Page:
Now to the books. Norilana, established by the fantasy writer Vera Nazarian, is showing commendable dedication to publishing original anthologies, with a commitment to several new series of these: first Lace and Blade, and now, with a very strong first volume, Clockwork Phoenix, edited by Mike Allen. Established writers and new names all are in good form here...
"All the Little Gods We Are" by John Grant is a rich meditation on the vagaries of romance. The protagonist met a girl at school he was convinced was his other half; and two possible lives unfold for him, one in which he remains inseparable from this heaven sent partner, the other in which he is single, lonely, unfulfilled. One day he makes a phone call, and lines cross between existences, selves are in impossible communication. This prompts deep reflection, a trawling of memory, an inner dispute over how one's will relates to reality, how we make our fates. John C. Wright's "Choosers of the Slain" is a characteristically magniloquent discussion of courage and how an heroic destiny is fashioned—should a great leader, seemingly facing defeat by an overwhelming invader, stand and fight, or should he step aside, into an ideal Valhalla? Wright's answer is a bit predictable, but the atmosphere is grand. "Oblivion: A Journey" by Vandana Singh is an opulent space opera, full of exotic color and historical resonance, about a quest for revenge upon an evil warlord paralleling a figure in Hindu myth. Should the pattern of myth be followed for justice to be done? And what in truth are the mythical referents? The answers are literate and compelling.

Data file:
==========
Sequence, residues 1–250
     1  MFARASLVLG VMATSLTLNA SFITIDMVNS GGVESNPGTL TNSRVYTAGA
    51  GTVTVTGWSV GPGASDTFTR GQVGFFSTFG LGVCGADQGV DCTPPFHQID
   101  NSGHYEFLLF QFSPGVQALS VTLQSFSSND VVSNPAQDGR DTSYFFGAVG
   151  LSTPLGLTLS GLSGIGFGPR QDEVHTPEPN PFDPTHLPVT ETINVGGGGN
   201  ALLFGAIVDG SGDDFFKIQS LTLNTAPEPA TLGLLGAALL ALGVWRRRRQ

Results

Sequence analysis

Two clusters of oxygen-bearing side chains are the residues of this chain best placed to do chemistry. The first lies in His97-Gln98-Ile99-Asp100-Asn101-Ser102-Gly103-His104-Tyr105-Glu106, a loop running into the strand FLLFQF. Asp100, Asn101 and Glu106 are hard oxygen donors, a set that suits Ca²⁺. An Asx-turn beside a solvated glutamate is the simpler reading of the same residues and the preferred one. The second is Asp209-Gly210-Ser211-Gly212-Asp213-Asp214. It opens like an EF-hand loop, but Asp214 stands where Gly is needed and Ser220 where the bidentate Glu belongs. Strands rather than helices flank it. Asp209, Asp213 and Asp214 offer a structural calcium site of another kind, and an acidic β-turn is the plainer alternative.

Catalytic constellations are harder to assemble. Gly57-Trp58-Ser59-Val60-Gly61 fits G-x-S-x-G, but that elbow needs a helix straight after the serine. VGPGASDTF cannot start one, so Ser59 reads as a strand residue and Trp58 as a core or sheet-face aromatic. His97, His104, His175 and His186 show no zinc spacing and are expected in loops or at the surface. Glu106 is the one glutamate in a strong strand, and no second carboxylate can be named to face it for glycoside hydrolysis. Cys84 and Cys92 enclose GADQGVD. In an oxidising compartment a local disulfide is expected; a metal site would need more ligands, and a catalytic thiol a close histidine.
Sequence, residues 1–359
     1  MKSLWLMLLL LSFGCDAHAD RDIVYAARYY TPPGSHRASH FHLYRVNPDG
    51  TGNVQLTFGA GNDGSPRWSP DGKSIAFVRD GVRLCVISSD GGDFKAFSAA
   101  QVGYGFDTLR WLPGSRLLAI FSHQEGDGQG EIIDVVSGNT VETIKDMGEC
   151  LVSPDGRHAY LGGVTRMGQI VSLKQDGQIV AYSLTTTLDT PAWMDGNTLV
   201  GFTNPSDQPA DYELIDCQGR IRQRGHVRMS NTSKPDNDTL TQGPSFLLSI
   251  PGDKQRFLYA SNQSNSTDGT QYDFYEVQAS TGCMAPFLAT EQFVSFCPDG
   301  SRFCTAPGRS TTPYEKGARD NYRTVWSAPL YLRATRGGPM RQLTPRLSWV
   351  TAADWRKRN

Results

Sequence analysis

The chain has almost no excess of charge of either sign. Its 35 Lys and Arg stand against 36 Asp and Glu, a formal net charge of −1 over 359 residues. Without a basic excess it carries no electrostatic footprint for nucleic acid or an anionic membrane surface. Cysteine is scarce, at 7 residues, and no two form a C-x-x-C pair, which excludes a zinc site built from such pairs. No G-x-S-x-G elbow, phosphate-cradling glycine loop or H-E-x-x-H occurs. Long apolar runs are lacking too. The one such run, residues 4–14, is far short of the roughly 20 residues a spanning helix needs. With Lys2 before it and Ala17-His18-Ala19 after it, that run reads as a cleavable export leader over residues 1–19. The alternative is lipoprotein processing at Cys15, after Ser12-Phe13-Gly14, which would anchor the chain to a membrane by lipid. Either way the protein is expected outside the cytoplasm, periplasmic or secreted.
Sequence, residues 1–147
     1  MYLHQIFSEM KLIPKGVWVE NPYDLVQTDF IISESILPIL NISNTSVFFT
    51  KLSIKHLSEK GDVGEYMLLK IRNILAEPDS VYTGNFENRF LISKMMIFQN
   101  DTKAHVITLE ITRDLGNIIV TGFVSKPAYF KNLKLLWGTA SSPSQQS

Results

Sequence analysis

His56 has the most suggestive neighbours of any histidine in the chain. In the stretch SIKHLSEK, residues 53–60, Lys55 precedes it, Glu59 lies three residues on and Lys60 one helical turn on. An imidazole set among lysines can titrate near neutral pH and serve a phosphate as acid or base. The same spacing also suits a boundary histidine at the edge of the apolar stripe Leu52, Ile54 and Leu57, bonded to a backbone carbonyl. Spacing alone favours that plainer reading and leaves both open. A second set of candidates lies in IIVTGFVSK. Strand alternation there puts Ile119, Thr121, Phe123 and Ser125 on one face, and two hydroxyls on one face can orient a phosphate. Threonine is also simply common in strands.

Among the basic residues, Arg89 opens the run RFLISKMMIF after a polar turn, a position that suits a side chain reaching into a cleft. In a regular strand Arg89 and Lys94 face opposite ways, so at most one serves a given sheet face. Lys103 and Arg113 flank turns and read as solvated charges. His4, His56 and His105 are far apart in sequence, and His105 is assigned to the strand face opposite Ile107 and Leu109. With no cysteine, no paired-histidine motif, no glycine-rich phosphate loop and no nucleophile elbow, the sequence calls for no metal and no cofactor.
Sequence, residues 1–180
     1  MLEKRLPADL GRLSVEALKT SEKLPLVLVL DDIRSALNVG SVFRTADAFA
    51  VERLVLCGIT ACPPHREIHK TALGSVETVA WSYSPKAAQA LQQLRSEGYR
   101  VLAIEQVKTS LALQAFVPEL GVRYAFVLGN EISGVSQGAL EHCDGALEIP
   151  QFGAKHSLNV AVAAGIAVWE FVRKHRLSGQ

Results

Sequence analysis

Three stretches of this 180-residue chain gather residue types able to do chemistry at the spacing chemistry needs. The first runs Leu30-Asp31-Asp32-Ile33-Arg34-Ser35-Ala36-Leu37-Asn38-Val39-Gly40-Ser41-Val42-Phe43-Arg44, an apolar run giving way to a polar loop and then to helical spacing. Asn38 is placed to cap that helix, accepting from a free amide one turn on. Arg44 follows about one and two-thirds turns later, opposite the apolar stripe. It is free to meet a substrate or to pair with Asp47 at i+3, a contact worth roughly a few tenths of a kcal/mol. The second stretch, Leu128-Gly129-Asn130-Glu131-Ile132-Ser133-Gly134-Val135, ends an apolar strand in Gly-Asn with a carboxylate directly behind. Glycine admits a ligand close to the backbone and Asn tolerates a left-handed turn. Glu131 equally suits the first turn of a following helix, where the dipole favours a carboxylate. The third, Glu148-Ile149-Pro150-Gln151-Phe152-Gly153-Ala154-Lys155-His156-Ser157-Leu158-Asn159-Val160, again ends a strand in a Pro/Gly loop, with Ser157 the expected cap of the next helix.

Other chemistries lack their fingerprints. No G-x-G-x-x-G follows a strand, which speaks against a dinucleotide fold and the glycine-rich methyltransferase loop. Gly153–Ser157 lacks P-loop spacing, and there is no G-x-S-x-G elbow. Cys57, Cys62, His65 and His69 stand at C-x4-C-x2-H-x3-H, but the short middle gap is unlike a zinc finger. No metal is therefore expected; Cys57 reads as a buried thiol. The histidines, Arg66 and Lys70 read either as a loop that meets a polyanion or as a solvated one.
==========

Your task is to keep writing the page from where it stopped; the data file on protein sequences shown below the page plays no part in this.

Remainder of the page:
Also of merit: "The Woman" by Tanith Lee, which at first resembles a standard sword-and-sorcery tale, but evolves into a moving, tragic hymn to a dying world. Allusions to homosexuality, and unwanted sons, and a curiously ugly paragon of femininity build to a dark revelation against which there is no appeal; grim storytelling this, Lee at her barbaric best. "The Occultation" by Laird Barron is unforgiving also, portraying the mounting menace faced by a married couple in a motel room; something is wrong, but its precise character is only hinted at, and then hinted more, and then more... A fine exercise in ambiguous horror. "There is a Monster Under Helen's Bed" by Ekaterina Sedia is different in tone, but likewise involves things that go bump in the night; a Russian orphan transplanted to an American home is scared, and apparently with good reason. "The City of Blind Delight" by Catherynne M. Valente is attractively written surrealism, about trains that connect with peculiar places unmarked on most maps; and "The Dew Drop Coffee Lounge" by Cat Rambo ponders the symbolic roles people perforce adopt, in this case that of disappointer of romantic expectations in a place where dates made on the internet will be kept, or more likely broken.
These and other contributions mark Clockwork Phoenix as a series of great promise. Prospects on the anthology front look ever better.